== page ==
Ranga Babu
Data check

SQL Foreign key

April 5, 2019 by

In this article let us review different ways to create a SQL foreign key, rules on updates and deletes, enabling foreign key constraints, disabling foreign key constraints and not for replication in foreign keys.

What is a foreign key?

A Foreign key is constraint that enforces referential integrity in SQL server database. It uses a column or combination of columns that is used establish link between the data in two tables to control the data that can be stored in the foreign key table.

Creating a Foreign key constraint

To create a SQL foreign key constraint, the parent table should have primary key column or column with UNIQUE constraint.

In this case, table Dept is parent table which has Primary key and will be referenced in child tables having foreign key.

Create a foreign key while creating a table

Below is the example of a T-SQL script to create a SQL foreign key while creating the table without defining the constraint name. If we do not specify the name of constraint, SQL server creates foreign key constraint with random name.


Below is the example of a T-SQL script to create a foreign key while creating the table with specific constraint name.


Create a foreign key after creating a table

Let us create the child table first and create a SQL foreign key constraint later. Below is example of creating foreign key constraint after creating table by specifying the constraint name.

Below is example of creating foreign key after creating table without specifying the constraint name.

Create a foreign key without checking for an existing data

In a few cases, the referencing table may already exist and have data which violates the SQL foreign key constraint you are going to create.

If we create a constraint with a check it will throw the below error as the data which already exist is violating the rule.

create foreign key error

If you still want to create a foreign key constraint by ignoring the existing data and validate the rule for further changes use “WITH NOCHECK”. The constraint you created is marked as not trusted.

Create a foreign key with DELETE/UPDATE rules

We can create a SQL foreign key constraint by specifying the what action to happen on referencing table when delete and update happens on primary key in parent table. Let us see some scenarios.

We can see the data exist in both parent and child table.

Data check

Let us create a foreign key with delete cascade and delete the primary key value in parent table.

After executing the above statement, we can see the that data is deleted in the child table as well.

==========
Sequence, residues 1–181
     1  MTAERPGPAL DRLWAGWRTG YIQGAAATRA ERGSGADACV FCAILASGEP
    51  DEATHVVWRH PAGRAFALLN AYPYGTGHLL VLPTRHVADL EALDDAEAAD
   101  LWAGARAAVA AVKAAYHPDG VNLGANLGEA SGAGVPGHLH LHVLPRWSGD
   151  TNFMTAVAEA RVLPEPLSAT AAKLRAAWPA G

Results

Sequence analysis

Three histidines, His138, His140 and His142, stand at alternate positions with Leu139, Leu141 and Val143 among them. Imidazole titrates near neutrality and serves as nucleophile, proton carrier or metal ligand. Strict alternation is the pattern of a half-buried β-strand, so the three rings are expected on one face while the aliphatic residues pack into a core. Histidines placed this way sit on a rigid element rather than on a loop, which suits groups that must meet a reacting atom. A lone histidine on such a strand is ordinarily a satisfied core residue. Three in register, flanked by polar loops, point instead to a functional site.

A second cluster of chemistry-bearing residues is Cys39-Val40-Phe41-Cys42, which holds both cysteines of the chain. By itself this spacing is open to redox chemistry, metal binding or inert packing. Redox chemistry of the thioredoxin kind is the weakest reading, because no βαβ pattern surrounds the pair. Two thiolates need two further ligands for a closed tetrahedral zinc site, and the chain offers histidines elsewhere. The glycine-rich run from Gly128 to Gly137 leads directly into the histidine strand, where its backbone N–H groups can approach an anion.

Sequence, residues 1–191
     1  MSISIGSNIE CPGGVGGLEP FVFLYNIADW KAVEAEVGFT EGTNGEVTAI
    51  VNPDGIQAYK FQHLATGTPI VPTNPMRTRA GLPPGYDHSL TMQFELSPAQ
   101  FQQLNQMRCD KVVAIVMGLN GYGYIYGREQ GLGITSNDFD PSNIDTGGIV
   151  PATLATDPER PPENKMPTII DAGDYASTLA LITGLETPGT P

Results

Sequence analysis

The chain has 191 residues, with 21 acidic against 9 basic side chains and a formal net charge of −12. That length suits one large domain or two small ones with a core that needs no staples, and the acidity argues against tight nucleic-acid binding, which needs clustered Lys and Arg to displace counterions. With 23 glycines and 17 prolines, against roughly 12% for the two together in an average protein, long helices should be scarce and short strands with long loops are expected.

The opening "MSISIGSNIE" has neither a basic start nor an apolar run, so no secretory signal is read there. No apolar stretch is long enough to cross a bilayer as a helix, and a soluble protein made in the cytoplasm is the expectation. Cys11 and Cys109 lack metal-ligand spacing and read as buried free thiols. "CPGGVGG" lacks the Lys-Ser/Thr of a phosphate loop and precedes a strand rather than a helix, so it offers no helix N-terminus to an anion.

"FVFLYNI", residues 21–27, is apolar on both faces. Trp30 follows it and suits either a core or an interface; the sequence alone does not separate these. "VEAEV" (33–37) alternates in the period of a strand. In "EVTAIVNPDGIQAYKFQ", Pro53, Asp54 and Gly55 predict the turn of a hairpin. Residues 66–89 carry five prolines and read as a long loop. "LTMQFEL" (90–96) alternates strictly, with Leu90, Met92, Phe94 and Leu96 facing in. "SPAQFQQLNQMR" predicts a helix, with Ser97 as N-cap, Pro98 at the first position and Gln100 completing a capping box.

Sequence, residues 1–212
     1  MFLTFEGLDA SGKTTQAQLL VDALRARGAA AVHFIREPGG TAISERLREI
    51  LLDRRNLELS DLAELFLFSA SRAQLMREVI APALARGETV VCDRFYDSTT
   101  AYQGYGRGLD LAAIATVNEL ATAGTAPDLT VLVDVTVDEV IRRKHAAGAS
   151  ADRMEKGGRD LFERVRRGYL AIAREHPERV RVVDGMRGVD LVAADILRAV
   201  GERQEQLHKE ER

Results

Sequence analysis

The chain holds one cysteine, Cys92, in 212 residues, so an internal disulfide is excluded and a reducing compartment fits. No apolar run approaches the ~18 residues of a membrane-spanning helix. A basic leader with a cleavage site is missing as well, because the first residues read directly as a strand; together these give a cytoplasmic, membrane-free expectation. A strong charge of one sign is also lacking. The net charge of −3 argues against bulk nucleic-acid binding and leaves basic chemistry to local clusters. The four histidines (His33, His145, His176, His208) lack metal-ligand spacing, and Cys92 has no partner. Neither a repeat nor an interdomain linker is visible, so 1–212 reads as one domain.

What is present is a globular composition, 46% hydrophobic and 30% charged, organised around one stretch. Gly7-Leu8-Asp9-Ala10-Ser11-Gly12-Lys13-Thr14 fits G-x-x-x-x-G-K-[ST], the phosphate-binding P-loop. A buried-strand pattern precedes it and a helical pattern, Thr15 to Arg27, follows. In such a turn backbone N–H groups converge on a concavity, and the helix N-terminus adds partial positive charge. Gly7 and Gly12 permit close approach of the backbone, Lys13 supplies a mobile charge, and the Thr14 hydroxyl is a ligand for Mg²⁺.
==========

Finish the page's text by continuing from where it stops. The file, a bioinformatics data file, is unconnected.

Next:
Delete Cascade

Let us create a foreign key with update cascade and update the primary key in the parent table.

Data check


After executing the above statement, we can see DeptID is updated to 3 for records having DeptID 2 in the child table as well.

Update cascade

Similarly, we have the following actions.

  • SET NULL – Sets the SQL foreign key column value to null when the primary key value is either deleted or updated to a new value. If the column does not allow null values, the update/delete on primary key column fails and throw error

  • SET DEFAULT- Sets the default value on foreign key column when primary key value is updated or deleted. If the default constraint is not defined and column is nullable then foreign key column value is set to NULL. If the default constraint is not defined and column is not nullable then below error occurs and the change on primary key column is rolled back

    SQL foreign key - Validation error

  • NO ACTION – If the update or delete on primary key column fails the constraint rule then the change is rolled back

To modify the existing foreign key using T-SQL we must drop the foreign key constraint first and then re create it with new changes.

Disabling and enabling the foreign key constraint

Disable constraint

To disable a SQL foreign key constraint, we need to use below statement. Replace the table name and constraint name. When the foreign key constraint is disabled the constraint is marked as not trusted.

Enable constraint

To enable the constraint back use below statement.

Enable constraint with checking existing data

To force foreign key to check existing data while enabling the constraint use below statement. In this case if validation is success and constraint is enabled then the constraint is marked back to trusted.

Not for replication

When a foreign key is set “NOT FOR REPELCIATION”, the validation is done only when user inserts, deletes or updates data.

The validation is not fired when the replication agents sync the changes made by user to other end (i.e. subscriber in case of transactional and both subscriber and publisher in case of merge replication).

To create a SQL foreign key with “NOT FOR REPELCIATION”, use below script. By default, the constraint is marked as not trusted.

Even though we create the foreign key with “FOR REPLICATION” on the publisher, the snapshot agent scripts it as “NOT FOR REPLICATION” and foreign key is created as not for replication in subscriber when the snapshot is applied.

Indexing foreign keys columns

When a table is being referenced by a SQL foreign key, modifications on the primary key column in primary table will check the data in the child table. If the child table has a lot of data, it may slow down your change on the primary table. We may even encounter deadlocks in such cases.

Creating an index on a foreign key column helps in such cases.

Ranga Babu

Ranga Babu

SQL Server DBA, Developer with good experience in SQL Server administration, development, performance tuning, monitoring, high availability and disaster recovery technologies
Ranga Babu

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